In 1913, Tomas Madeiros sends his youngest daughter Leah, stricken with tuberculosis, to a Catholic orphanage in Oahu's Kalihi Valley. Her older sisteIn 1913, Tomas Madeiros sends his youngest daughter Leah, stricken with tuberculosis, to a Catholic orphanage in Oahu's Kalihi Valley. Her older sister Aki follows in 1914, and eldest sister Anah in 1915. Although the girls' mother Sumi and beloved brother Charles promise to visit, on the one visiting day each month, the Madeiros girls are the only patients who receive no one. As far as Tomas and eldest son Thomas are concerned, the girls are dead, and Tomas doesn't allow either Charles, now living as a virtual slave to his father's extended family, nor Sumi who is half-mad with grief to visit. Anah, at age 8 a surrogate mother to her two younger sisters, repeatedly promises that they will all go home one day. When first Leah and later Aki die, their spirits stay with Anah, Leah to beg to be taken home and Aki to torment Anah for her "lies." Although Anah survives TB and eventually leaves the orphanage to marry, she no longer has any blood family, except the ghosts of her sisters and father who continue to demand and extract sacrifices from her.
This isn't an easy book to read. There is brutality on every single page and Yamanaka doesn't shy away from the graphic. But there is also goodness and compassion, despite everything. It's not a happy story, but it is hopeful and redemptive. This is Yamanaka's fifth and probably best novel. She has an uncanny ability to convey a fully formed character in just a single line of dialogue, and her prose is elegant but highly emotional, in the sense that you shouldn't read this book in public unless you want strangers to come up and ask you why you're crying. I would recommend Behold the Many to anyone, with the caveat that much of the dialogue is written in Hawaiian pidgin. It's not difficult to understand; even if you're not familiar with pidgin, you get most of it from context, but it does require a little extra effort from the reader, so you kind of have to be in the right mood....more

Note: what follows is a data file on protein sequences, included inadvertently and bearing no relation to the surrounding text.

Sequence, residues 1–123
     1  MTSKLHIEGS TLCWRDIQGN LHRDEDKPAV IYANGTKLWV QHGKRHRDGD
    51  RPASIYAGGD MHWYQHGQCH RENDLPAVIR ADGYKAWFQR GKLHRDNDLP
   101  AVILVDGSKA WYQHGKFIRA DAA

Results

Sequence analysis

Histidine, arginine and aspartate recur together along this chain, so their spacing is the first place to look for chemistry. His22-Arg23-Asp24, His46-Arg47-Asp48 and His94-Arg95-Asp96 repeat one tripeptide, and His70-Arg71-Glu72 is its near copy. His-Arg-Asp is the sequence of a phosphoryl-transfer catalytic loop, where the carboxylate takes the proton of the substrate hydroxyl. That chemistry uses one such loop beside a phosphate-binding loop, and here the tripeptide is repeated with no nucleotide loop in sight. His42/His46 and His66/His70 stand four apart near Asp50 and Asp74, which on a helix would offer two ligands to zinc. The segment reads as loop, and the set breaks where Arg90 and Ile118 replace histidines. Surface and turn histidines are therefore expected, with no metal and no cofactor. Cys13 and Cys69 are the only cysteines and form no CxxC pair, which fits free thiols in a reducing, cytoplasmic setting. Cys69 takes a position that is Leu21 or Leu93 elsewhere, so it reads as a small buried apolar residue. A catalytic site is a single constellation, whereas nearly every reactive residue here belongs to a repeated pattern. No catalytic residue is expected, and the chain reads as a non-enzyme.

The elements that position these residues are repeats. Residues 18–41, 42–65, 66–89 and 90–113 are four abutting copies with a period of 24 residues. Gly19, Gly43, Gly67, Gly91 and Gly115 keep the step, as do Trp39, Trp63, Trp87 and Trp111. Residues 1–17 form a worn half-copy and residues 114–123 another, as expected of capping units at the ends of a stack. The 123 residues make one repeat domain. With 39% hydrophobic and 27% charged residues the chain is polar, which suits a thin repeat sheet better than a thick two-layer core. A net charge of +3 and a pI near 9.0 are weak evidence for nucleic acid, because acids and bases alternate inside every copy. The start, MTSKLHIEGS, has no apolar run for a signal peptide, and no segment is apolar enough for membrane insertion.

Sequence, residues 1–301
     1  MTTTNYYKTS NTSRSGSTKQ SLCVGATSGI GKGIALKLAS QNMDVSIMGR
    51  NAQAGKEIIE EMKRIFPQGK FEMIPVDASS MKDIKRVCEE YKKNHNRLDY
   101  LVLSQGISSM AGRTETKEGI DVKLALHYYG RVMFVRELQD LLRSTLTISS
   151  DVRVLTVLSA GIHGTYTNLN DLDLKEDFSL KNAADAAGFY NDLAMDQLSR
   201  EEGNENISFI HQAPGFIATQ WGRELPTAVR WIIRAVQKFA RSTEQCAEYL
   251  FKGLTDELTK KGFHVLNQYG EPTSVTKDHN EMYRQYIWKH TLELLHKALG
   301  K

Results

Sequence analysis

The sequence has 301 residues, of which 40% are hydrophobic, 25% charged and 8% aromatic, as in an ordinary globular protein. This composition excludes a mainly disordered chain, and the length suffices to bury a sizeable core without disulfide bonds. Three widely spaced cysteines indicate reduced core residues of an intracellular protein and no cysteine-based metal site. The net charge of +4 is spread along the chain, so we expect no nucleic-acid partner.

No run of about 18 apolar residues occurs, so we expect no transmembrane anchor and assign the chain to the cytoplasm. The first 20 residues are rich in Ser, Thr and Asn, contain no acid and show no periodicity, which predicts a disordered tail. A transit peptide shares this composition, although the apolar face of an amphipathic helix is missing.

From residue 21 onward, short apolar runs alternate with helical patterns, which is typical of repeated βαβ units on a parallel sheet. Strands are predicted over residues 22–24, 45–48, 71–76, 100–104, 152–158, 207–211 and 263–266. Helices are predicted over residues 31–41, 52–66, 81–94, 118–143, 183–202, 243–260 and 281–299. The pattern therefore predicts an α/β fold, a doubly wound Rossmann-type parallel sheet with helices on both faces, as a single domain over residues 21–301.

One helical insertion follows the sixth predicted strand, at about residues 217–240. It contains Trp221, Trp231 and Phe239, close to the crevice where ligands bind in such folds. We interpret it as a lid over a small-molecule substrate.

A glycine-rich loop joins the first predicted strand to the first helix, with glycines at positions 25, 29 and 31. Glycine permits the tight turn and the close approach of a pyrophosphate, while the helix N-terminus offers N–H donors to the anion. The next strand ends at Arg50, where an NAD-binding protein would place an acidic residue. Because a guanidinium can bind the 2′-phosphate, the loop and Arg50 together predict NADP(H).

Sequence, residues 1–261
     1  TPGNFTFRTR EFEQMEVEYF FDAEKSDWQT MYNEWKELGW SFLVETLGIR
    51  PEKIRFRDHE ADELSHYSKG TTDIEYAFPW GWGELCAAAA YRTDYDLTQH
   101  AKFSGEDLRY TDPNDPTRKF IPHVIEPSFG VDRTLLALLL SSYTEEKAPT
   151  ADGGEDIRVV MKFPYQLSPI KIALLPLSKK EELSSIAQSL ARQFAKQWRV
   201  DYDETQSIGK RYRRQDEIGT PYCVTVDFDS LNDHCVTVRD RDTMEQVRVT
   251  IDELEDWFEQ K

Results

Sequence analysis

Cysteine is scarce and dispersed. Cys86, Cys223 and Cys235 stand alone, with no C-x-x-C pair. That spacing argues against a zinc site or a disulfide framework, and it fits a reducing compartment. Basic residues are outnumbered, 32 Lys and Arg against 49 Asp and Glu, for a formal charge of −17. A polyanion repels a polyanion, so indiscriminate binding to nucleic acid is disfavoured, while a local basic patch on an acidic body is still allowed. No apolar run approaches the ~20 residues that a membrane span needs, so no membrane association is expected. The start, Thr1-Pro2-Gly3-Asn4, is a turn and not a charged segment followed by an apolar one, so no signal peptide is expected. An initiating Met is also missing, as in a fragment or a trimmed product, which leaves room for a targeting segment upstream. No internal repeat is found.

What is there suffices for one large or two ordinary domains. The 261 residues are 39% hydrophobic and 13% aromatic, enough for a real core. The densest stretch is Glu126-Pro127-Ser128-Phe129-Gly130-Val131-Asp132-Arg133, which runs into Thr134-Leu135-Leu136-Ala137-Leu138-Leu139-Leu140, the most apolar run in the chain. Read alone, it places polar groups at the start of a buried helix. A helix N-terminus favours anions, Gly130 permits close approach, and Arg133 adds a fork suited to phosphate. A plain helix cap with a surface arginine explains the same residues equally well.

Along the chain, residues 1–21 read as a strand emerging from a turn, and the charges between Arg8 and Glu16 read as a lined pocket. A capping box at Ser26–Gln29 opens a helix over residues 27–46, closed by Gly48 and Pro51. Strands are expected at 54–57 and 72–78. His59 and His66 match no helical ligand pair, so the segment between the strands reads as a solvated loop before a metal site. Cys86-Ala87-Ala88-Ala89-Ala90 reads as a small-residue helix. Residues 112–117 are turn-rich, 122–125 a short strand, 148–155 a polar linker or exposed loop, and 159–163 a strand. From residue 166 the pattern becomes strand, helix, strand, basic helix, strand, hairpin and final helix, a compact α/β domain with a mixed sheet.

Raymond Ding is 40, divorced, and, as a boyfriend, sort of lecture-y and condescending. He works as the Assistant Director of Minority Affairs at JackRaymond Ding is 40, divorced, and, as a boyfriend, sort of lecture-y and condescending. He works as the Assistant Director of Minority Affairs at Jack London College in Oakland and, in his relationship with Aurora Crane, a younger Eurasian woman, he can't seem to forget that he's the guy she's sleeping with and not her Ethnic Studies professor. Interminable conversations about the sexual politics of race and the racial politics of sex abound, and eventually Aurora asks him to move out. Raymond has the typical mid-life crisis but only because he feels it's expected of him, has another relationship, helps his dad come to terms with aging, figures a few things out, and does a lot of growing up. But I never really liked Raymond enough to care about any of it.
The book itself is often very funny, especially in Raymond's conversations with his dad or his friend Jimmy. It is also frequently sexually explicit -- which as an Asian person I appreciated since it shows we don't spend all our spare time doing math problems -- but which as a reader, I found sometimes unnecessary if not awkward. Wong is a good writer and I'd like to read some of his other work, but I didn't love this one. ...more
This is a short book that would have benefited from being shorter. Set mostly in 1960 - 1961 at a boys' boarding academy, the first 100 pages or so ofThis is a short book that would have benefited from being shorter. Set mostly in 1960 - 1961 at a boys' boarding academy, the first 100 pages or so of Old School is reminiscent of A Separate Peace and The Catcher in the Rye both in terms of how boring it is and in how much in love the unnamed narrator is with what he has convinced himself is is own tragic isolation. He's basically an emo kid in a natty blazer.
At this unnamed school (which shares some traditions with The Hill School, a prep school in Pennsylvania from which Wolff was expelled in 1964), visiting writers are hosted three times a year and one student is selected, on the basis of a short story writing competition, for a private audience. In the '60-'61 academic year, the writers slated to visit are Robert Frost, whom Wolff portrays as phonily self-effacing, Ayn Rand, whom Wolff skewers in one of the relatively hilarious segments of the book, and Ernest Hemingway, whose pending visit is the keystone of the novel. The problem is that Wolff doesn't get to it until close to 120 pages into this 195 page novel. Once he gets there, it's tremendously good. Just as wonderful and awful and tragic as Natty Emo Narrator would want it to be, right up until the story's natural conclusion about 30 pages later. Unfortunately, Wolff then keeps talking for another 45 pages or so and kind of ruins the whole thing.
At one point, the narrator says, "as a writer, how could I refuse to bring the story to so satisfying and shapely a close? Maybe that shapely close was part of what held me back. The appetite for decisive endings, even the belief that they're possible, makes me uneasy in life as in writing ..." Wolff himself goes way beyond the shapely close and tries to provide at least three shapely closes, each one less necessary than the previous one. Had he stopped in 1961, with the narrator pushing his way into the smoking car of the passenger train, this would have been a much, much better novel. ...more